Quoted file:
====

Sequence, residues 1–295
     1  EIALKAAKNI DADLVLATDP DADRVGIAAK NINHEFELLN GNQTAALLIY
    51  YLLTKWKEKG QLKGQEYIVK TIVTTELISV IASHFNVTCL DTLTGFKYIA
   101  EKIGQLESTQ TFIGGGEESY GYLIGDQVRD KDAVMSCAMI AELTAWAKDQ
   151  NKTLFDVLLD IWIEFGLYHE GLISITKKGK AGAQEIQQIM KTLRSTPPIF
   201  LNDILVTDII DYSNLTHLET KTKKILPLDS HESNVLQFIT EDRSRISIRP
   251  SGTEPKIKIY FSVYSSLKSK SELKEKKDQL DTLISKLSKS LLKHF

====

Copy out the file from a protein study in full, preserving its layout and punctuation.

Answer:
Sequence, residues 1–295
     1  EIALKAAKNI DADLVLATDP DADRVGIAAK NINHEFELLN GNQTAALLIY
    51  YLLTKWKEKG QLKGQEYIVK TIVTTELISV IASHFNVTCL DTLTGFKYIA
   101  EKIGQLESTQ TFIGGGEESY GYLIGDQVRD KDAVMSCAMI AELTAWAKDQ
   151  NKTLFDVLLD IWIEFGLYHE GLISITKKGK AGAQEIQQIM KTLRSTPPIF
   201  LNDILVTDII DYSNLTHLET KTKKILPLDS HESNVLQFIT EDRSRISIRP
   251  SGTEPKIKIY FSVYSSLKSK SELKEKKDQL DTLISKLSKS LLKHF